Florida agriculture took advantage of a unique opportunity to list their concerns and priorities for the 2018 Farm Bill last Saturday before a contingent of the U.S. House Committee on Agriculture. Eleven members of the Committee, along with staff, traveled to Gainesville to kick off the first of five Listening Sessions throughout the country as they begin Farm Bill discussions. The last Farm Bill was passed in 2014.
Flanked by his Georgia counterpart, Florida Farm Bureau President John Hoblick offered an opening statement addressing Florida’s concerns, including the need for adequate invasive pest and disease prevention, conservation programs, federal crop insurance, and Specialty Crop Block Grants. President Hoblick also requested attention to the ongoing issues of NAFTA renegotiations and farm labor concerns.
“Frankly, given the diversity and breadth of Florida agriculture, there is no better place to start this conversation,” started President Hoblick. “From avocados and tomatoes in South Florida to satsuma production in Monticello, from the generations-old dairies in Okeechobee to experimenting with new crops such as olives, artichokes and citrus alternatives, Florida agriculture cannot be matched in its diversity and uniqueness.”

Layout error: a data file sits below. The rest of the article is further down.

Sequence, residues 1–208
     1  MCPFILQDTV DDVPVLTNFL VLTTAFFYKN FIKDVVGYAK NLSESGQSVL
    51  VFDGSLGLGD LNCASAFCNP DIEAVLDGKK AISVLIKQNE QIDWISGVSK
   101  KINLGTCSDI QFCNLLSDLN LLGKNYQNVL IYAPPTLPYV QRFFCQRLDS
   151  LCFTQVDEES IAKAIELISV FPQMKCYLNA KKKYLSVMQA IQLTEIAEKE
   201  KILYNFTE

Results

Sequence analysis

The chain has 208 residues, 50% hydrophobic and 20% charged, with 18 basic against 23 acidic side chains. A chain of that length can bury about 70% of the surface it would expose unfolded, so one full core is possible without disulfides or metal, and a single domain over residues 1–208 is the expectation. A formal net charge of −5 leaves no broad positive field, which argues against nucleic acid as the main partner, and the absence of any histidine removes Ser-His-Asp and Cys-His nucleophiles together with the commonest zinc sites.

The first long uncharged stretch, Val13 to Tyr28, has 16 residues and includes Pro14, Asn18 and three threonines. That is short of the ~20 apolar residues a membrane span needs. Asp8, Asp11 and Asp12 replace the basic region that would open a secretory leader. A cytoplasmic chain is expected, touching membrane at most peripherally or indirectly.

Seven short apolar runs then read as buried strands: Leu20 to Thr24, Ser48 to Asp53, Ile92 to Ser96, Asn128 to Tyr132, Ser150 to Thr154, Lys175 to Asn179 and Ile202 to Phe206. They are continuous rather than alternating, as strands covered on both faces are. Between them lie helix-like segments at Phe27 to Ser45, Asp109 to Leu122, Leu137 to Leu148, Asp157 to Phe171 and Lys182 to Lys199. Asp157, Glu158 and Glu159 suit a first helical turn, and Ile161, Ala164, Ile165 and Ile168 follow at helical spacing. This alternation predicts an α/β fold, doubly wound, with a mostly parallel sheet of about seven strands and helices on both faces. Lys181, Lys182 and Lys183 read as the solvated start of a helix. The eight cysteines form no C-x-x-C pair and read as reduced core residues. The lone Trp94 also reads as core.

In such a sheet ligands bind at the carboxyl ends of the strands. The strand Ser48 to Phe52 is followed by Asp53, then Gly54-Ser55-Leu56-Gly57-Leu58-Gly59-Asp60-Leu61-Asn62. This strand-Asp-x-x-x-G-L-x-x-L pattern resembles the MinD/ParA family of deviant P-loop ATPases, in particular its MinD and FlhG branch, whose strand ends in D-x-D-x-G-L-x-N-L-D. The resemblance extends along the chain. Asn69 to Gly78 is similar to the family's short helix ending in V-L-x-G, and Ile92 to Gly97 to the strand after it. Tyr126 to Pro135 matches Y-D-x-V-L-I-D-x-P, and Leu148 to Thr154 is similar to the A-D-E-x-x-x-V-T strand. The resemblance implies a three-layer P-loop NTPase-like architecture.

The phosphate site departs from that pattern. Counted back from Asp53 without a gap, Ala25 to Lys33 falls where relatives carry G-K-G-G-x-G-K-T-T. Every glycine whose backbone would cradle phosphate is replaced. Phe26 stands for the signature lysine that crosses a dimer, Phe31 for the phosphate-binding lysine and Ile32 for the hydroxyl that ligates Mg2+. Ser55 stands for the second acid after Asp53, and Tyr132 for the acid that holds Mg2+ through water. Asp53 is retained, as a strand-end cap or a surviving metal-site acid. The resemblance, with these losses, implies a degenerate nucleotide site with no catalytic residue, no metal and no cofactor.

Following statements from both state Farm Bureau leaders, a couple of hours was devoted to general public comments, in which a wide array of agricultural issues were mentioned, ranging from dairy labor issues to citrus greening research to Supplemental Nutrition Assistance Program funding. The breadth of issues reflects the number of topics and programs covered under Farm Bill legislation, which currently consists of 12 different titles costing $956 billion over 10 years.
The event was held on the University of Florida campus. After the session came to a close, the Congressional members spent the rest of the day touring production agriculture in and around Alachua County.
“Because of its diversity, Florida agriculture is resilient but also fragile,” noted President Hoblick. “The House Ag Committee must keep this mind as they craft the 2018 Farm Bill.”